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Alabama and Saban Bag Another Title
[Posted early Wed. a.m.]
College Football Quiz: The AP started its poll in 1936. Name the six schools with at least five national titles since then. Answer below.
College Football Finale
“I’ve never been happier in my life,” Alabama coach Nick Saban said. “Never.”
Chuck Culpepper / Washington Post
“Once a rollicking Monday night had drifted past midnight into Tuesday, the human minds that occupied Mercedes-Benz Stadium began processing the feast of whiplash shifts they had both played and witnessed. The processing could prove painstaking. In this latest, dazzling College Football Playoff national championship game, Alabama’s 26-23 overtime win over Georgia came stuffed with enough hairpin turns to wreak decades of discussion.
“Alabama seemed imperiled, its offense barely budging as Georgia led 13-0 at halftime. Georgia seemed challenged as Alabama pulled to 13-7. Alabama seemed doomed as Georgia quickly stretched out to 20-7 with an 80-yard touchdown pass that looked magical enough to last for decades. Georgia seemed beaten as Alabama lined up for a 36-yard field goal on the last play of regulation.
“In short, everything that seemed, ultimately wasn’t, all the way to that final goose bump of a play, when Alabama seemed trapped, 41 yards from the end zone on a second down and 26, until somehow, on the 148th offensive play of this highbrow match of cave-man football, a receiver boomed free up the left sideline.”
Alex Scarborough / ESPN.com
“DeVonta Smith heard the playcall come in and knew he had a chance. On second-and-26 in overtime, with Alabama trailing Georgia 23-20, the freshman receiver had just learned he was going to run a go route into the end zone. He smiled and looked over at his quarterback, Tua Tagovailoa. ‘Trust me, bro,’ Smith told him.
“Tagovailoa, the true freshman who replaced starter Jalen Hurts coming out of halftime, didn’t say a word back. The lefty from Hawaii simply nodded his head, the picture of calm under pressure.
“Seconds later, Smith and Tagovailoa connected on a touchdown that now belongs to history – a 41-yard strike that delivered Alabama its fifth national championship under coach Nick Saban.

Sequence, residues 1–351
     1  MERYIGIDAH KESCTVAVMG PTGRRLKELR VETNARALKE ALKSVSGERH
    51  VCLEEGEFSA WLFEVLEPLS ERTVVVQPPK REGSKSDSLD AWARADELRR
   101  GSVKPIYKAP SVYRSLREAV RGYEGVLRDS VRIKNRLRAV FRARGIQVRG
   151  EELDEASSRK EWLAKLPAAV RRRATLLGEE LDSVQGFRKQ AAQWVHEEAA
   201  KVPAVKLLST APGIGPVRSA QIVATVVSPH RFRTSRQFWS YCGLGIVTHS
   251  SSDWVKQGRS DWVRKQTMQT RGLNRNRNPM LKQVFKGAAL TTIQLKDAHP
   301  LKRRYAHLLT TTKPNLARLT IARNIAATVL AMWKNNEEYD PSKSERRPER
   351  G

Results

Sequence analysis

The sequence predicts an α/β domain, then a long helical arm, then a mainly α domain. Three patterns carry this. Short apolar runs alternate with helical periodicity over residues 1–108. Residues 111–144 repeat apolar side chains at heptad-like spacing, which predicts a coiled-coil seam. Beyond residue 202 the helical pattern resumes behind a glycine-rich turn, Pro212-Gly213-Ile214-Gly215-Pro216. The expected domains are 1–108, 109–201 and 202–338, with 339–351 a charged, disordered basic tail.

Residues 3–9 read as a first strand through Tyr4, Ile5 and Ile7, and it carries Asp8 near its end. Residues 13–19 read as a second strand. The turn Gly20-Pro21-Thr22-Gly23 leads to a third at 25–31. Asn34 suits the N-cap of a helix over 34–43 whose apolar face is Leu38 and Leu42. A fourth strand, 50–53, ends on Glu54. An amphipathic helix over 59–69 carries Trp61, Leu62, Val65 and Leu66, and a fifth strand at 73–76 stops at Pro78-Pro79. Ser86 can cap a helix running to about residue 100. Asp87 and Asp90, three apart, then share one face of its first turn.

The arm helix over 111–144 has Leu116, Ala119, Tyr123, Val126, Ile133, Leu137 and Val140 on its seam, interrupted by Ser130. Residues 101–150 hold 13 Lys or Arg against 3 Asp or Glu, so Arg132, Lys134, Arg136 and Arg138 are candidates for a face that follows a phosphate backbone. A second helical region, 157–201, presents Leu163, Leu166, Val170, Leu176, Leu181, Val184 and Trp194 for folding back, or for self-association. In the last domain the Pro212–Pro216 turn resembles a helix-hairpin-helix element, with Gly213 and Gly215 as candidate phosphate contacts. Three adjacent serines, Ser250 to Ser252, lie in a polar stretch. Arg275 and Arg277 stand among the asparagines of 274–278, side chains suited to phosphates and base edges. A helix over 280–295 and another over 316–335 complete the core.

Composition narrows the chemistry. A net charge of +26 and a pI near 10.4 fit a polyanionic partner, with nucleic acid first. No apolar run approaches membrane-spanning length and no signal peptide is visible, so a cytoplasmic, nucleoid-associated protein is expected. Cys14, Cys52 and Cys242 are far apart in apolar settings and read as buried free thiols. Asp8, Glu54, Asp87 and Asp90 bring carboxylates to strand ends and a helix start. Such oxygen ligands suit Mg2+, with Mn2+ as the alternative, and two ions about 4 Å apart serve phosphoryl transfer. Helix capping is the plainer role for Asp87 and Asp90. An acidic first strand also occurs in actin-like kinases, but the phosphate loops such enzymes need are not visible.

“ ‘Hole shot,’ Smith explained, referring to his splitting the coverage to get open.
“On the sideline, Hurts saw it all unfold as if in slow motion.
“Hurts had been benched, but the sophomore was still engaged, dissecting the coverage on his own. It was instinctual, he explained. He diagnosed a two-high safety shell and thought his backup wouldn’t dare try it.
“But Tagovailoa did and, moments later, Hurts was holding him in his arms. No one was happier for the freshman than Hurts.
“ ‘I love you,’ Hurts said he told Tagovailoa. ‘This is what you’re made for. You’re built for this.’
“As Hurts recounted the whole ordeal, as he revealed how he learned he was benched by Saban (‘Ain’t no conversation,’ Hurts said. ‘It was a decision he made. He’s a boss and he made a great decision.’), junior running back Damien Harris was shouting at him. ‘We took that s---,’ Harris said. ‘They said we ain’t supposed to be here. And we won the whole thing!’
“That they did.
“And without Saban’s decision to pull Hurts, who knows?
“It took guts. Ask former Alabama tight end O.J. Howard about Saban’s decision, and he would tell you it took another piece of the human body, not one suitable for family programming.
“Hurts was struggling, having completed just 3 of 8 passes for 21 yards. But he is still a former SEC Offensive Player of the Year with 61 career touchdowns, and he had taken this team to back-to-back championship games....
“Saban put his faith in a true freshman with eight games of mop-up duty on his resume. Tagovailoa promptly came in and threw for 166 yards and three touchdowns.
“ ‘I don’t know how Coach Saban found me all the way in Hawaii from Alabama,’ Tagovailoa said. ‘Thank God he found me and we’re here right now.’
What happens next year with Hurts, who is 26-2 as a starter and will be just a junior, and Tagovailoa, who is not a typical Saban QB? Fun problem to have.
Yes, Saban’s decision was the stuff of legend.
Howie Kussoy / New York Post
“When Alabama strangled the life out of LSU six years ago in the national championship, it seemed impossible to be more prepared. When the Crimson Tide forced undefeated Notre Dame to tap out the next year, Nick Saban looked like he was at the height of his powers.
“But when the greatest dynasty the sport has ever seen was teetering, Saban was at his best, unafraid to shred his once-brilliant plans, and play craps; willing to pause the ‘Process,’ and tweak it while time ticked off the clock.
“Two years ago, with the national championship game tied in the fourth quarter, Saban realized Deshaun Watson couldn’t be stopped, and called for one of the gutsiest onside kicks of all-time. The Tide seized the ball, control and another title.
“To match once-untouchable Alabama icon Paul ‘Bear’ Bryant for a record sixth national championship, Saban again did what no one saw coming – and became the greatest coach the sport has ever seen.
“After Alabama was shut out in the first half of Monday night’s national championship, Saban pulled his starting quarterback of the past two years – Jalen Hurts – and put the season on the shoulders of true freshman Tua Tagovailoa, who hadn’t played against an FBS opponent since Oct. 21.”